In Westminster residential areas there are both Micro Recycling Centres (big recycling bins) and a once-a-week doorstep collection service. Often, people think that if packaging has a recyclable symbol on it, they can put it out for collection, but they do not realise that it depends upon whether your local council has the facilities to recycle that particular item. In the doorstep collection in Westminster one can recycle paper, card, cans, tins, glass bottles and jars, aerosols and plastic bottles. The Council is working on being able to offer recycling of different types of plastic and food waste.

A good day at work for me is when I have helped someone who would like to recycle learn how to do it; perhaps they have just moved in and were not aware of the options, or do not speak much English so need one of my leaflets that describe which items to recycle visually or in their first language. For those who are already recycling, I ask them how we can improve the service and check that they are aware where they can recycle more diverse materials that are not collected like small appliances, batteries, textiles, cartons and plastic bags. They can then take it to the next level and reduce their waste and recycling in the first place, for example through purchasing only items needed and those with less packaging. Inevitably we get some who believe it a waste (excuse the pun) of time, or who have heard rumours that it all ends up in landfill anyway. These latter comments are fortunately few and far between and often I am able to talk them around to it by explaining that it is easy (a mixed collection service means they do not have to do any sorting), important for various public health and environmental reasons and by showing them where it goes (to a local recyclables sorting plant where it is sorted mechanically and by hand followed by recycling process plants depending on the material- plastic bottle lids are made into plastic crates for example).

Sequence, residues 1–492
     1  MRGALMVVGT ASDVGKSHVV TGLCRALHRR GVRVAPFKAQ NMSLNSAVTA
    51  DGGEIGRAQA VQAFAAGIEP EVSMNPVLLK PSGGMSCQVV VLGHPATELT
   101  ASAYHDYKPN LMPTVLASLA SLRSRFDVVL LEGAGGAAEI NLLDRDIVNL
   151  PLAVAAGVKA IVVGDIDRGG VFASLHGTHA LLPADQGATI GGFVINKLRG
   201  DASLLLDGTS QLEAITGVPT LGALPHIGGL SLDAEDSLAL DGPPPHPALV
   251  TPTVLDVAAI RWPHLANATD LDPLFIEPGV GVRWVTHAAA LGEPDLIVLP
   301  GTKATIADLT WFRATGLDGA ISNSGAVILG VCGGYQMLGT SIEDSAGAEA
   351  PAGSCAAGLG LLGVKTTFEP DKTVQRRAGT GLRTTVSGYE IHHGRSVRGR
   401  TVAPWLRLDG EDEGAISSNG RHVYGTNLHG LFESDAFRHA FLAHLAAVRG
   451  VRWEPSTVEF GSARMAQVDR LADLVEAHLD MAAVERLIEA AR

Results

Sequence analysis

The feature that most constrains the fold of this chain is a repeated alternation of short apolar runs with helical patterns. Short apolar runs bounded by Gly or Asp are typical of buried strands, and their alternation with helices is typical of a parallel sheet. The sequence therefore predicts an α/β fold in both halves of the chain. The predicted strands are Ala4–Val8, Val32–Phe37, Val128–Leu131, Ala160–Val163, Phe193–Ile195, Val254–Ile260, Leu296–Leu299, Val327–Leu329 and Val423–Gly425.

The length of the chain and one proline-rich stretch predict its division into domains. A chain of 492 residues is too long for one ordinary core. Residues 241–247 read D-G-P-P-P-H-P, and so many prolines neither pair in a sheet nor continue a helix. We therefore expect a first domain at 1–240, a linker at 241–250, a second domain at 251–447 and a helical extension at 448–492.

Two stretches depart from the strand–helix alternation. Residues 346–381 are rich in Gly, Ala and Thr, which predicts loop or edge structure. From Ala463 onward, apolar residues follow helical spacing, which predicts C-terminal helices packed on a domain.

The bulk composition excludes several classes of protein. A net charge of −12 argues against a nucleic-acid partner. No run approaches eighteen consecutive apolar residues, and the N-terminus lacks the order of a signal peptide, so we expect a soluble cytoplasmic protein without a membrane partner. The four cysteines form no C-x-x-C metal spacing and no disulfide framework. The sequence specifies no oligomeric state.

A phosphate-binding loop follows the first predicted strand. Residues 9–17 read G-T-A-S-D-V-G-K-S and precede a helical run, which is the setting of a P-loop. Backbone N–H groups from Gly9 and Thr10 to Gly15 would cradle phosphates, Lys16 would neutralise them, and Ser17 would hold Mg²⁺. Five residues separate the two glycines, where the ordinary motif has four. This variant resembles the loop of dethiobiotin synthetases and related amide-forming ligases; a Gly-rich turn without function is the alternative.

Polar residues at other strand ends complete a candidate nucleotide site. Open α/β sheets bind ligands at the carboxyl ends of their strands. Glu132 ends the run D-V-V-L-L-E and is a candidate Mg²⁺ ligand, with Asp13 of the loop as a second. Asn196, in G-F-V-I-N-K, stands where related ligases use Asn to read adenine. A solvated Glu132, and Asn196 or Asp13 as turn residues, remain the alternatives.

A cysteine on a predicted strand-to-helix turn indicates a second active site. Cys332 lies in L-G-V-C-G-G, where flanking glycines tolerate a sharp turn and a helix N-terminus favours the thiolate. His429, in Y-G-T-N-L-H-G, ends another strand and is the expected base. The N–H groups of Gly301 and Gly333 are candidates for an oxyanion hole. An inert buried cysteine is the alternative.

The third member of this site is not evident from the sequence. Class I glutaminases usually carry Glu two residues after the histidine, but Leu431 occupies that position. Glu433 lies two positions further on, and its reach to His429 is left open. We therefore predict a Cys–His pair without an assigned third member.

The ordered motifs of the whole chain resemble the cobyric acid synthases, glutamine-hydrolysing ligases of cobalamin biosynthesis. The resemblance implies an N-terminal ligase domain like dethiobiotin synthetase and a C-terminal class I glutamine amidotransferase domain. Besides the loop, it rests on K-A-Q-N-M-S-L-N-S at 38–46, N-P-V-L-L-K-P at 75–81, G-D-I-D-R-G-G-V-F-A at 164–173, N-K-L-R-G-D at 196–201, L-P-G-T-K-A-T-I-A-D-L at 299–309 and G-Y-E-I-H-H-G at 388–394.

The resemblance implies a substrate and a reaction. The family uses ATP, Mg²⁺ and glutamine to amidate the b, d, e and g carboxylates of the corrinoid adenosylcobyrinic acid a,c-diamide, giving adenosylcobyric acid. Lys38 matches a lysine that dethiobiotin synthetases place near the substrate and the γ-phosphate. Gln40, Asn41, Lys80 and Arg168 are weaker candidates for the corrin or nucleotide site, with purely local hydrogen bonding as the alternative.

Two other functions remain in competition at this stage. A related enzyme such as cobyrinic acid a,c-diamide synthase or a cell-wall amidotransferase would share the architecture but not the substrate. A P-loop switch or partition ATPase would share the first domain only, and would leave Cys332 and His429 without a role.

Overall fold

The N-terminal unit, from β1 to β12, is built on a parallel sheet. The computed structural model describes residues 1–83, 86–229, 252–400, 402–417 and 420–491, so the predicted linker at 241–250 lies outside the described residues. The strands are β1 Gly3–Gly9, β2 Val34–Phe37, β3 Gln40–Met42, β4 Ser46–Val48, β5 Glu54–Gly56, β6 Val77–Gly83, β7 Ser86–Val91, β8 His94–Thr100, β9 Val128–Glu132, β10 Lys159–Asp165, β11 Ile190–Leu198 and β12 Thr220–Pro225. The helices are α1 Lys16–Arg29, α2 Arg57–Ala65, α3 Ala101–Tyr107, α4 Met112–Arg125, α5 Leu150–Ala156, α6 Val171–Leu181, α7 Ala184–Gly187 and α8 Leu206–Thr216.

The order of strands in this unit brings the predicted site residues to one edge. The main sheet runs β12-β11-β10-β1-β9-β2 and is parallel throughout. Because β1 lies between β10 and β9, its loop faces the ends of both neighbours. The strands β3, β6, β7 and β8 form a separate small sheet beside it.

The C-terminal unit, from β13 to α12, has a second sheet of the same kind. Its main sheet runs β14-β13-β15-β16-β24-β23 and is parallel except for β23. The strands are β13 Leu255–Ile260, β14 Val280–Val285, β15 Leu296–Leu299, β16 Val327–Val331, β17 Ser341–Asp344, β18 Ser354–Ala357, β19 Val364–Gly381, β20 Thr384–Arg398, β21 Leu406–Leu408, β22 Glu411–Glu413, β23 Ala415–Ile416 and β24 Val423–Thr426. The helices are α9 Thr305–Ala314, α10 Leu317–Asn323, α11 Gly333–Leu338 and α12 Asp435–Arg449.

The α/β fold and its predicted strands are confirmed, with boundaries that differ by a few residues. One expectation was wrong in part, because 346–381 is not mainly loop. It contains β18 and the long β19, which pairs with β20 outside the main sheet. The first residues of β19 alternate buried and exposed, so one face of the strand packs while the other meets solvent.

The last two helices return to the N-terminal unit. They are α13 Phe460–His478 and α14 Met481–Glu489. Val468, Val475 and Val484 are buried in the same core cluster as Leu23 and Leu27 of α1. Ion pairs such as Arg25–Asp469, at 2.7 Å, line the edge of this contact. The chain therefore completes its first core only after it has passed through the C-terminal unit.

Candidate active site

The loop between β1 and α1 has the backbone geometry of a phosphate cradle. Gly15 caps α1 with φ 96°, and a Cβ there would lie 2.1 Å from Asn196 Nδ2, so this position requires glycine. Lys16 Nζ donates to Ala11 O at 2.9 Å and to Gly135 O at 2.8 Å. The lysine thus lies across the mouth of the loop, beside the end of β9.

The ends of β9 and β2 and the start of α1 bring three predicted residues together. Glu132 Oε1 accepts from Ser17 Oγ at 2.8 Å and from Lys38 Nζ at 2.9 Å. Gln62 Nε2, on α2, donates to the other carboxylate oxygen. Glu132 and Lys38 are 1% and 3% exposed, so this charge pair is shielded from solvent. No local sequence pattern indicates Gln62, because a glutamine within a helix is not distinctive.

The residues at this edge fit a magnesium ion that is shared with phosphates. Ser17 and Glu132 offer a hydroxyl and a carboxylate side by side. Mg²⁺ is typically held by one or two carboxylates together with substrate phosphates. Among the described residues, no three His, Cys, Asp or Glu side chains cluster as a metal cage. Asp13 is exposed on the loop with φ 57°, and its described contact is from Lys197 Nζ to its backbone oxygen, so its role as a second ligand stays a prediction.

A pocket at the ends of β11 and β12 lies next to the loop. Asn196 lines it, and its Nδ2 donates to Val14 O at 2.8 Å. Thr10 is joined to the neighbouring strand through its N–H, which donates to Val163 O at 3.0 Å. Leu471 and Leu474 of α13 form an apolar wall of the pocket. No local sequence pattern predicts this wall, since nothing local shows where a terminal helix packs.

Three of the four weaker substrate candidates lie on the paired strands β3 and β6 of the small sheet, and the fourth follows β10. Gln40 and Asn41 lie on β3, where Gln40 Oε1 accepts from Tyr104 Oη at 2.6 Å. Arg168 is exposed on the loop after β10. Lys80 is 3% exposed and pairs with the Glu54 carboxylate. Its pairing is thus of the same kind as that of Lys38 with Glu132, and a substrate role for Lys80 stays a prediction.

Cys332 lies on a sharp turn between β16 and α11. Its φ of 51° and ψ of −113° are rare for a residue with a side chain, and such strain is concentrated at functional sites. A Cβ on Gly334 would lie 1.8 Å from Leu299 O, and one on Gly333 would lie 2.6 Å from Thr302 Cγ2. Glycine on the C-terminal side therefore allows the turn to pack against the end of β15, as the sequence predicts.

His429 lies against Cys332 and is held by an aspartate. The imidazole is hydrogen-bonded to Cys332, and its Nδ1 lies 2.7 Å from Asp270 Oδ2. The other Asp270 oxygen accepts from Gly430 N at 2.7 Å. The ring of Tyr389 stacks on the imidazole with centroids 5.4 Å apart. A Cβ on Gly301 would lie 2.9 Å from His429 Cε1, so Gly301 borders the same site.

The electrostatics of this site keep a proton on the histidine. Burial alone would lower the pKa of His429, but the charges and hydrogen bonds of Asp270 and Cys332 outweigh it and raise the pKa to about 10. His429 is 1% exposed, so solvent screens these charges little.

Many barriers to high recycling levels do not lie with the residents themselves. A common complaint is that in order to reduce our own waste, it is up to the supermarkets to give us more options for buying items with less packaging. Many Westminster residents have a small flat so would prefer more frequent recycling collections so as not to clog up there kitchen or hall way; unfortunately, because refuse collections are more frequent, the excess recycling ends up there. It would seem that more information is needed as, for example, it has not been made clear by the Council which types of plastic bottles can be recycled, nor the fact that you should compress them and take the lid off (the lid can go loose into the recycling bag or box).

So there you go. I am slowly but surely helping people to slide a little further along the green continuum towards ‘extreme green’, wherever they started from! By the way, this week is a great time to thoroughly investigate reaching your recycling potential in your area because it is Recycle Week 2010!

Monday, 21 June 2010